Pre-Columbian Pottery Porno (ca. 100-800 AD)

By: The Scribe on Thursday, April 26, 2007



the mocheThe Moche civilization occupied the coastline northern Peru for around 700 years, building large stepped platforms and creating elaborately painted murals depicting their gruesome traditions of ritual warfare. However, the Moche are best known for their advanced agricultural knowledge and complex ceramics and pottery.

Moche pottery is one of the most diverse types of pottery known from an ancient civilization, and many of their pieces were mass produced in molds. Despite this, there was a great variety in Moche pottery, which depicted everything the culture seemingly found important: vegetables, animals & birds, war, metalworking, weaving, and of course, sex. There were also many “portrait vases”, which were pottery vessels made to resemble a person’s head. The faces also depict a variety of emotions, such as anger, laughter, or deep thought.

moche person

The pottery was made by applying clay figures onto the pottery before it dried (and thus before firing), a technique not frequently used due to the risk of explosion in the kiln – if there were any air pockets left between the pot and figure joints. The color of the pottery was fairly simple as well, mainly black, red, white, and cream.

moche in bed

The erotic pottery of the Moche is highly varied, showing a great deal of creativity reminiscent of the Hindu Kama Sutra. What has fascinated scholars is the limited number of depictions of standard procreative copulation on these vessels; this is only ever depicted when the male is shown wearing ceremonial dress, the female’s hair is parted into two braids ending in snake’s heads, and the act is occurring within a ceremonial building with additional figures standing around to watch. While the exact meaning of such a depiction has not yet been established, it is clear that the Moche were not squeamish about their sexuality.

The Museo Larco in Lima, Peru, holds a large number of Moche pottery and artifacts, including a gallery of erotic pottery. Some images from this gallery are available online here.

Tomorrow: The Mega Temples of Malta







 

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4 Comments so far

All Hail the Sacred Lima Bean! (ca. 6000 BC – 800 AD) - The Ancient Standard at August 1, 2007

[...] children, it turns out that lima beans were once touted as a sacred, elite-only delicacy among the Moche civilization of northern Peru. Known for their lively painted and sculpted pottery vessels, many of the images [...]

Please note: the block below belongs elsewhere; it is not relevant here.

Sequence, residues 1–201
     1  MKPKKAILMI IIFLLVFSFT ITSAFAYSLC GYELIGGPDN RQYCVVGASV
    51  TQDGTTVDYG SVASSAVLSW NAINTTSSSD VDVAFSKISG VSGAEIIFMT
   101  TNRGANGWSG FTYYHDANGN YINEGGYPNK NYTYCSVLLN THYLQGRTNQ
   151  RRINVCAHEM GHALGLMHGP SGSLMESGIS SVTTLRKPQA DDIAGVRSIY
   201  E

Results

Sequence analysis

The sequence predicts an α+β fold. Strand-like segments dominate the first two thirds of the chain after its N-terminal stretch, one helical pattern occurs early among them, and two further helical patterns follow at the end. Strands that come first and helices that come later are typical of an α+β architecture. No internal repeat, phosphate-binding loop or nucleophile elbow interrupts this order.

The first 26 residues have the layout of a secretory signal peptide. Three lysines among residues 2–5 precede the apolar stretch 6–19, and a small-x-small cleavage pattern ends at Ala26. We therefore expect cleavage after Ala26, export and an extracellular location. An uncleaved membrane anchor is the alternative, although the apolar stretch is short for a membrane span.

Early Mayan Manioc Field Preserved by Volcano (600 AD) - The Ancient Standard at August 27, 2007

[...] Other Central and South American cultures would also later come to rely on manioc as a large component of their diet, including the Pre-Columbia civilization of the Moche. [...]

The Chachapoyas Cloud Warriors of Ancient Peru – Part 2/3: Conquered by Tupac?! (9th – 15th C AD) - The Ancient Standard at October 6, 2007

[...] reached the same level of technology in their material culture as other Peruvian cultures like the Moche or Nazca, they created simple and functional pieces of art that reflected what was important to [...]

Cliff Richey at December 5, 2009

These vessels and their depictions were not primarily meant to be erotic as such. While they had to be based in some reality the imagery was intended to be viewed as metaphorical and was cosmological in nature. Such imagery sets the subject matter or theme of the signs that make up its composition.

What the “erotic” vessel imagery depicted was an intercourse between the sky and the earth (earth woman). The black and red colors were based on the same concept as held by the Maya –death and resurrection.

The blanket (the covering) carries the signs for, a multitude of places on the earth’s surface where this transaction took place. The “plus” signs simply mean a crossing through the earth’s surface. This intercourse could not be viewed as indicated by the two black lines of darkness. It took place upon the bowl shaped container which was a spring or other water source. The spout of the vessel is a sign for a hole or vent into the earth (earth-woman). and the handle is the sign for on the side (of the earth).

The actual subject matter is the passing of the human spirit from beneath the earth (burial) to the sky (ascension). This was viewed as a circular transaction and was probably based on the water cycle (i.e water evaporating and rising to the sky to return as rain). This cosmology was based on the observation of nature and the many instances of transformation that can be seen such as caterpillars turning into butterflies or tadpoles changing into frogs etc. Life and death was viewed as such a transformation of one kind of being changing into another.

Such vessels and their imagery were the result of a very sophisticated compositional system of written sign language.

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